Thyroid disorders are very common ailments that are most common in middle-aged women but can affect men or women and children or adults. Thyroid problems manifest as disorders caused by overactive (hyperthyroidism) or underactive (hypothyroidism) thyroid function, autoimmune conditions (Graves’ disease and Hashimoto’s thyroiditis) caused by the immune system inappropriately attacking an otherwise normal gland, growths or nodules of thyroid which can grow to the point where they cause compression of other nearby structures, such as the windpipe or esophagus, or malignant tumors. Most malignant thyroid tumors have a very good prognosis after they are appropriately treated.
We are seeing an increase in the incidence of thyroid disorders, specifically thyroid cancer, in the United States. One reason is due to exposure of the thyroid gland to ionizing radiation, such as from nuclear energy disasters or the use of radiation to treat other malignant or benign conditions. Another reason that thyroid cancer incidence is increasing is that doctors now have more technology availabel to detect thyroid nodules that harbor cancer.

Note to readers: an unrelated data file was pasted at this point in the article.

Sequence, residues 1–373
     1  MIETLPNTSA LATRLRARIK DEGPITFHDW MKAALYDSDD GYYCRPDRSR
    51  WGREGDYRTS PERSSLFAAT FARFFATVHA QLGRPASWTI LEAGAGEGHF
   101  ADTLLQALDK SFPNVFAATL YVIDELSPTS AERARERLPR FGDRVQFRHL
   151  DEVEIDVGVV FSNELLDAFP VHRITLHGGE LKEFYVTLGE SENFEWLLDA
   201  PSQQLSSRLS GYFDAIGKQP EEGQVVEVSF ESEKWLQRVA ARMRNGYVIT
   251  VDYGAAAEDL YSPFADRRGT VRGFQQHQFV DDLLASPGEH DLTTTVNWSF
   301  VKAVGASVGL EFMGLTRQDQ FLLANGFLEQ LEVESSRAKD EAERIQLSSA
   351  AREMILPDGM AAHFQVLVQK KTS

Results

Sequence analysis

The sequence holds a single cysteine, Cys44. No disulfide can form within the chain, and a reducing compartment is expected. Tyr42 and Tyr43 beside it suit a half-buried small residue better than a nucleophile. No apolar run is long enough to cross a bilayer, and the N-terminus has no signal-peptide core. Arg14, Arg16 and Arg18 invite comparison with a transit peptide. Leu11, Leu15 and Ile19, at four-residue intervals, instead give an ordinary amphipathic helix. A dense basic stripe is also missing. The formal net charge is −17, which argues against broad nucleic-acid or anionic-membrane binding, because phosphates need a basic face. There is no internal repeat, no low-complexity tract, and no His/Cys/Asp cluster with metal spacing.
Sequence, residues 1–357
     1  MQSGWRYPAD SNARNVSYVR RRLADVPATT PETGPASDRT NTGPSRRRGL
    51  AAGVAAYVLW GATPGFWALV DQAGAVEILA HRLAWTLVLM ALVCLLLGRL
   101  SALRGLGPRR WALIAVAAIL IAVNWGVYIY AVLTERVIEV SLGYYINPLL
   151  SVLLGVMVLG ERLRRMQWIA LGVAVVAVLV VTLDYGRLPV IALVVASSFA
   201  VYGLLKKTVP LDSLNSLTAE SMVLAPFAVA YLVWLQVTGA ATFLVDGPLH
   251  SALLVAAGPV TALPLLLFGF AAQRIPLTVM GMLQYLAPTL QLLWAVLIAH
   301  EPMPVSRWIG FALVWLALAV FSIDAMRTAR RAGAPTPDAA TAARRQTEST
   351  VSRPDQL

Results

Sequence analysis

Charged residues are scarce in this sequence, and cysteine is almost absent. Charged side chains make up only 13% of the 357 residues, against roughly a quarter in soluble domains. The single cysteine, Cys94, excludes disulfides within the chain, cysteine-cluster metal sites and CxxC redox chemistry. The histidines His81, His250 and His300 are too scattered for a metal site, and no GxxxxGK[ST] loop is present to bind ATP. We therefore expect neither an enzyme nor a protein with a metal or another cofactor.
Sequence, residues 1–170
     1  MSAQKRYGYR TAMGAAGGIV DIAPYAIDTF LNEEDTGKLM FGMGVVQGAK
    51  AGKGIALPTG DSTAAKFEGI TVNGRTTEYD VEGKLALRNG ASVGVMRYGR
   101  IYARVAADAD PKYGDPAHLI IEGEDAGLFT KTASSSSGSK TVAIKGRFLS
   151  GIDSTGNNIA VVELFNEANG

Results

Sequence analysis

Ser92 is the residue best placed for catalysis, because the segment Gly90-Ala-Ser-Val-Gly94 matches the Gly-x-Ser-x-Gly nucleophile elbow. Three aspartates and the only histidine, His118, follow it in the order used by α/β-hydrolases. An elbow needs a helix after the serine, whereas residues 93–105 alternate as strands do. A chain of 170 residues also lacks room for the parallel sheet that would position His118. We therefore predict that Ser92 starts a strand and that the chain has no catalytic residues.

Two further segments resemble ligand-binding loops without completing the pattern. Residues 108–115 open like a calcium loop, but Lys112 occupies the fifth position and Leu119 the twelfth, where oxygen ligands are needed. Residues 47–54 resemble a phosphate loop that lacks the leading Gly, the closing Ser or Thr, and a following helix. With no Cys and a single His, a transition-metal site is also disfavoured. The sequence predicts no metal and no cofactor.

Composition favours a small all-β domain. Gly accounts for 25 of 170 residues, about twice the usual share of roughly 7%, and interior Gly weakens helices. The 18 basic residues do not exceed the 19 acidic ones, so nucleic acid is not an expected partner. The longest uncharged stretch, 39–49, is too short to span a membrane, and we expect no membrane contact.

Thyroid nodules can be evaluated by many different modalities, but the most useful technique is ultrasound. Ultrasound can be used to characterize nodules and help determine whether or not a nodule needs to undergo a biopsy. The most common technique used to biopsy a nodule is called fine needle aspiration (FNA).
Once an FNA has been performed, a nodule is categorized as benign, indeterminate, or malignant. Benign nodules can be observed safely. Some indeterminate nodules may also be observed. Malignant nodules typically require surgical management. Thyroid surgery typically will involve removal of one lobe of the thyroid (partial thyroidectomy or thyroid lobectomy) or the entire gland (total thyroidectomy).